I never (publicly) criticize other people's perspectives. I never leave snarky comments on social media posts. I've never blasted, say, the writers of a long-running HBO series over its ending, much less joined the million or so people who signed a petition to redo the series with "competent writers."  

That's not my thing. 

Well, until now.

Bob Dylan just sold his entire song catalog to Universal Music Publishing Group in a deal estimated at over $300 million. (He's not alone; among other deals, Motley Crue's Nikki Sixx recently sold his publishing catalog, and Stevie Nicks recently sold a majority stake in hers.)

Great: We all have the right to sell what we own.

Plus, Dylan's timing is right. As streaming revenue has grown, so has the value of some songwriter's catalogs. A few years ago, an artist could realistically expect a sale price of somewhere between seven and 12 times annual royalties. (In small-business terms, think selling your company for, say, 10 times annual revenue.)

More recently, songwriter catalogs are selling for between 10 and 20 times annual revenue -- depending on the artist and the perceived catalog value, of course.

So: Good on ya, Bob.

Then I read an article that included the line, "Dylan's big pay day is a microcosm of the generational wealth gap, in which boomers have lucked out and millennials get screwed."

And this gem: Dylan is "hoarding wealth."

And this line: "Ultimately, artists like Dylan, who have had time to build their musical library, are the ones reaping the rewards, while younger artists are left competing with each other on platforms that are underselling them. It's no different than the overarching tale of the millennial being screwed out of building wealth the way that boomers have been able to."

Let's break that down.

Dylan wrote songs millions of people demonstrably still love. He wrote songs millions of people still stream. He wrote songs that have been covered by other artists hundreds of times.

That's not luck. That's talent.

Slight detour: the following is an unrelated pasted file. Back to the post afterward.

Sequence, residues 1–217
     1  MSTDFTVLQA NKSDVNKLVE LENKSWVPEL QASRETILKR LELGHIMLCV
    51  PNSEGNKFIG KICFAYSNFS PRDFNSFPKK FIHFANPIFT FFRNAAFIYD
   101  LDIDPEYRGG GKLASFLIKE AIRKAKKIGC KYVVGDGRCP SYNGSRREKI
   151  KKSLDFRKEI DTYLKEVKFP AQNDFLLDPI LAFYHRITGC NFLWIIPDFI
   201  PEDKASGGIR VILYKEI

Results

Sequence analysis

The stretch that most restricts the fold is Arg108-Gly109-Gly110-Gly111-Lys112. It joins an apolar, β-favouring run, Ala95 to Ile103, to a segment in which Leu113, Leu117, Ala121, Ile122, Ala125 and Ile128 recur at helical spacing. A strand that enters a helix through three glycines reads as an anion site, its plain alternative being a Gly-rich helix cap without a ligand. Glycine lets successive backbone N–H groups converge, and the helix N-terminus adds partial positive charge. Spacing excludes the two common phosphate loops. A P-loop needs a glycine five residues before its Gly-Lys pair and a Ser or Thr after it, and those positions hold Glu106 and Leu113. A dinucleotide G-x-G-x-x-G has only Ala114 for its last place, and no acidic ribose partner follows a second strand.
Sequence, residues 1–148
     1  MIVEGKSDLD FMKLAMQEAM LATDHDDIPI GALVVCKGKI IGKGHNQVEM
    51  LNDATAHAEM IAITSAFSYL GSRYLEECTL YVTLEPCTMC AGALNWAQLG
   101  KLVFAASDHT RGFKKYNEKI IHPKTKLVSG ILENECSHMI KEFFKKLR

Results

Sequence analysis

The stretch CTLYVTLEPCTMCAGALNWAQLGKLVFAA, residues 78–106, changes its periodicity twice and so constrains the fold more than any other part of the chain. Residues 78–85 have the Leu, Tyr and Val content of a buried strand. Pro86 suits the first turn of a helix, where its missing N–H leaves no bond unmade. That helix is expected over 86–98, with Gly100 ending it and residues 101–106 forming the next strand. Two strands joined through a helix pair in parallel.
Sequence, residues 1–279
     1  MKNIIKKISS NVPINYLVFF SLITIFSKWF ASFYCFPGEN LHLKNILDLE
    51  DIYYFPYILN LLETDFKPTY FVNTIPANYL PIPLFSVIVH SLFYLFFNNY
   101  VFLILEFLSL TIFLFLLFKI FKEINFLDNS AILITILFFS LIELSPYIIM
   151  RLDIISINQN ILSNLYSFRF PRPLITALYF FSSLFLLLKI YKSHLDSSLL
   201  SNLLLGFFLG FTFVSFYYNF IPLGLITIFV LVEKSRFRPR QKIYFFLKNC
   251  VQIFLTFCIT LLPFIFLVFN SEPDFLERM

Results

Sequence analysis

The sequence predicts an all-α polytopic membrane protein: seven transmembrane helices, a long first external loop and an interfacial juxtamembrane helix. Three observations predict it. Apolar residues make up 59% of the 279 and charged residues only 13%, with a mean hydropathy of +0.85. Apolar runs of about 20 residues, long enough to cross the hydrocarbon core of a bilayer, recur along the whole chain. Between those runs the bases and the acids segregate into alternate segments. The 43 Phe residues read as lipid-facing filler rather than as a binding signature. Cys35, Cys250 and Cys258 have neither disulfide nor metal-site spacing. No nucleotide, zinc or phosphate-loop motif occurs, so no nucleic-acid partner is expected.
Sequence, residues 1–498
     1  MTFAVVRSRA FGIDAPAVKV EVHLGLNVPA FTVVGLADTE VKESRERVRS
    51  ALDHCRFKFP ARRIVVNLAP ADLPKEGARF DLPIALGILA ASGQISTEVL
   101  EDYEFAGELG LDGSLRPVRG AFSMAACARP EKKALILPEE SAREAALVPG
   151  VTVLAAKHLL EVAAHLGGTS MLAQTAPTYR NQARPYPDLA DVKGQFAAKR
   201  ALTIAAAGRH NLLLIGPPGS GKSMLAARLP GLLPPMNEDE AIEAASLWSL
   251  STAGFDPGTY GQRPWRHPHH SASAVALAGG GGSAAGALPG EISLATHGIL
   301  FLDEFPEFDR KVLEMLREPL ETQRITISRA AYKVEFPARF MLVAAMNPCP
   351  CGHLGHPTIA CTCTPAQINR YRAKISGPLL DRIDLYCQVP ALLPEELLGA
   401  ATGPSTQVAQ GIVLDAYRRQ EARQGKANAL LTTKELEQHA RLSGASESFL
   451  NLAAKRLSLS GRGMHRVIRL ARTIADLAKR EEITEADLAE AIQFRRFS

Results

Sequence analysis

As for "having the time to build" a musical library? Dylan devoted his life to his craft. He wrote and recorded over 600 songs. He spent a huge chunk of his life on the road. He collaborated with some of the leading musicians of his time.

For over 60 years, Dylan did the work. Is he lucky? Maybe -- but only in the way that effort and preparation and, most important, perseverance "creates" luck.

As for platforms that undersell younger artists? Maybe the algorithms do make it almost impossible for new artists to gain exposure. Maybe streaming revenue is unfair to younger, less popular artists. Maybe streaming revenue is unfair to all artists.

I'm not smart enough to know.

But I do know that, in large part, streaming services are a meritocracy. More streams equals larger payouts. More songs available to be streamed means more songs that can potentially be discovered and then streamed. Quality and quantity matters.

So, hey: Hate the game, but don't hate the players.

As for "hoarding wealth," it's hard to fault someone for wanting to benefit from the value they have created. Isn't that what we all try to do?

Plus, selling his copyrights is a savvy move, especially for someone in Dylan's personal and financial situation. Selling now, instead of leaving his assets in an estate to be distributed later to his heirs, isn't "hoarding."

It's smart. He can benefit now, and his heirs can benefit later.

While I'm not an accountant, Dylan should be subject to a one-time capital gains tax of 23.8 percent rather than 37 percent on annual income. He also may therefore avoid higher income and capital gains taxes proposed by some Democrats.

While I'm not an attorney, Dylan will be better able to plan asset tax strategies. Instead of trying to forecast the popularity -- and thus value -- of his catalog in years to come, he knows what is worth. He can create trusts and use other estate planning strategies to help his heirs minimize -- legally -- what could be a significant estate tax burden.

And, on a personal/parental level, he can avoid potential disputes between his heirs -- Dylan has six children -- over the ownership and administration of his catalog. (See: Franklin, Aretha.)

In short, Dylan got to decide what happened to his music -- and better gets to decide how, and how much of, his assets and wealth will eventually be distributed.

So did Dylan "luck out"? Only if working hard for 60 years to create music millions of people enjoy is luck.

Is Dylan "hoarding wealth"? Only if benefitting from hard work, and holding on to what you've earned, is hoarding.

Is Dylan "reaping the rewards"? Absolutely.

As well he should.

To quote Stephen A. Smith, "Those who are great get more than those who are not ... and if you think you have greatness inside of you, that's something you support."

Rant over.